Han and Rome

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Han and Rome
The Han China and Roman empires were similar and different in many ways. The Rome and Han had multiple characteristics in common such as a (s1) patriarchal society, in which women were inferior to men, (s2) upper level social classes, and (s3) both containing a large gap between the rich and poor. However, these dynasties also contrasted in many areas. For example, the (d1) Romans had many slaves, which were used for agriculture and business production, while the Han did not. These empires also had (d2) varying ways in which their household was run, such as pater familias and filial piety, as well as the (d3) role of women was different among the two empires.

The Rome and the Han dynasties both had shared specific qualities. Both of these empires contained upper level social classes. Within each class, there were people who obtained land and large estates, as well as having peasants who lived in smaller farms and worked for the upper classes. These empires both incorporated some form of a patriarchal structure; therefore the women living amongst these dynasties were subordinate to men and often had defined roles within the family. This was the case in all of the Classical empires, women were inferior and had lesser roles than that of men. Also, Han and Rome had huge gaps between the rich and poor, thus causing increased social tension. Most of the land inhabiting these areas ended up accumulating in the hand of the wealthy because the poor were unable to pay for their land. The land distribution problems cause banditry and rebellion amongst the poor, such as the Yellow Turban uprising in Han China.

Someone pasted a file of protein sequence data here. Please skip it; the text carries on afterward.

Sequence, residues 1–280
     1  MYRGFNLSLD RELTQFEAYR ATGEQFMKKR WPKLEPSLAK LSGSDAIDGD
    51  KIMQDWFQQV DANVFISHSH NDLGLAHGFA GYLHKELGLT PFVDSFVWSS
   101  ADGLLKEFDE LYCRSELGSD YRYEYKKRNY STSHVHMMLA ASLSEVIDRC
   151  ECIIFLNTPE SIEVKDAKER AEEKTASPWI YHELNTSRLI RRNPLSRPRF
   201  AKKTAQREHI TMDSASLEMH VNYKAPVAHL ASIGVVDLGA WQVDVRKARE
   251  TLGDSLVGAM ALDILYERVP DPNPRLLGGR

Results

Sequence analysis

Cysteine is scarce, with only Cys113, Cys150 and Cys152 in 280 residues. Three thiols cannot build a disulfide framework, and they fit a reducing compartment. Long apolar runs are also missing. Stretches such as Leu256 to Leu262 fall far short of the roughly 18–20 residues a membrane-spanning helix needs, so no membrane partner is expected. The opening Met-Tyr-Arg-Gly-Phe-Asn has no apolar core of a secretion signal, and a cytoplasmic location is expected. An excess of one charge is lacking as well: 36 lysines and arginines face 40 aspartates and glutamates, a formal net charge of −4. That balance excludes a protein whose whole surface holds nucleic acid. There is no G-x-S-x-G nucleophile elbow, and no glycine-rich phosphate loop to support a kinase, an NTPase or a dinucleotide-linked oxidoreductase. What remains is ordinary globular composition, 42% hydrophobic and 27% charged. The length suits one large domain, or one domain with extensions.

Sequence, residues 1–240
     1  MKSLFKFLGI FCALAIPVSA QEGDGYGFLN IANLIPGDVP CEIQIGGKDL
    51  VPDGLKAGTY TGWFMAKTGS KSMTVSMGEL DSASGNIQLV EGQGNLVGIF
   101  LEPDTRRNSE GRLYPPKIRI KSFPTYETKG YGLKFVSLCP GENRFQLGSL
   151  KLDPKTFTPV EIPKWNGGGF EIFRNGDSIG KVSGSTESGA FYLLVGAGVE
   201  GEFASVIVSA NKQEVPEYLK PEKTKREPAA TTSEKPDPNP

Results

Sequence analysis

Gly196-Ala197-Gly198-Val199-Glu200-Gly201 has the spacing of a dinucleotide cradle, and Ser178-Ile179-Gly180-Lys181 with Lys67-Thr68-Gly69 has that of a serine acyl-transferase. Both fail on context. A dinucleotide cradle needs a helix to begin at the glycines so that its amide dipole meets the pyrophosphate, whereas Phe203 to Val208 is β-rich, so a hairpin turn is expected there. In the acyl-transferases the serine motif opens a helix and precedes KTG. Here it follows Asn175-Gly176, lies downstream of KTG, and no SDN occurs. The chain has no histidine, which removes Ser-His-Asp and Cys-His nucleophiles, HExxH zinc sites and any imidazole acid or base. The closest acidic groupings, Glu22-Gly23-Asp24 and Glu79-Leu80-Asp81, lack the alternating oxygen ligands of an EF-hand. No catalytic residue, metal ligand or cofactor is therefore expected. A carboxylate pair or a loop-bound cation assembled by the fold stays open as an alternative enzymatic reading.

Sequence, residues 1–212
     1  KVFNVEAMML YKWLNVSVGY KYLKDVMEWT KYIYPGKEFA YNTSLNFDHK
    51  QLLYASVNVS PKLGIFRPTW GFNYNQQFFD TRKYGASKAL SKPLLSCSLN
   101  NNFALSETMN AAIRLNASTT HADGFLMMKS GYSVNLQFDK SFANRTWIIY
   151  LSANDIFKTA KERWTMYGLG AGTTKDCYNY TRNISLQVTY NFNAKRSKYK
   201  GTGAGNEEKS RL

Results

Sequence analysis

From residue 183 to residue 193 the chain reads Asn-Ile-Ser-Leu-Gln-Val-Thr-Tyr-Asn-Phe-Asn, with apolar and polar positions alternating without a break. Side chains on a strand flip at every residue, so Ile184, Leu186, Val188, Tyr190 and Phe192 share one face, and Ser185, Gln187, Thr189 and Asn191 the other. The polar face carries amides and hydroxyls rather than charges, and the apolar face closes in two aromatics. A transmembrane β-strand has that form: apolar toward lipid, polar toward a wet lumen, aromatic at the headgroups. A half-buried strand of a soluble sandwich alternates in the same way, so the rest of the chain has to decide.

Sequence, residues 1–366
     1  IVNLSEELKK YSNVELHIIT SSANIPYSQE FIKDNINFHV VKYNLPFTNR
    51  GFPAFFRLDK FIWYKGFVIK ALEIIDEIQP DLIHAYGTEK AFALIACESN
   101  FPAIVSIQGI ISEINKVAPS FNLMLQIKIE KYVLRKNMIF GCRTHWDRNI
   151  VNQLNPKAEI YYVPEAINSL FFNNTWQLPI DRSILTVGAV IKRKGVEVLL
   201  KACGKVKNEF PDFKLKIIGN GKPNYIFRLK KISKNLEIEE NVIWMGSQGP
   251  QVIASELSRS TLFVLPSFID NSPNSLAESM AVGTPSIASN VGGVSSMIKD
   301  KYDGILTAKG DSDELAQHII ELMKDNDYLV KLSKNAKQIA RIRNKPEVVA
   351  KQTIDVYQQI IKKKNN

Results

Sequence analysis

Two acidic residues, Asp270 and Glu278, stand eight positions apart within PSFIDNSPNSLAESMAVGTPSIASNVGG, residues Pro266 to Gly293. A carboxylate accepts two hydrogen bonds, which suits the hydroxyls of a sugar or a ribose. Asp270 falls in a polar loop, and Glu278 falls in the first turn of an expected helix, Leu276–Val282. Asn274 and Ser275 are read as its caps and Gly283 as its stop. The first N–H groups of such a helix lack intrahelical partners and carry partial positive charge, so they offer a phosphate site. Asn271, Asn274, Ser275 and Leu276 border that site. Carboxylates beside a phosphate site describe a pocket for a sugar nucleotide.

While the Roman and the Han empires were similar, they also differed. The households within both empires were run very differently. In the Roman households, they enforced a concept of pater familias, meaning the eldest male in the house would rule, this is also passed down through generations. Where as in the Han, they followed a Confucian quality,...
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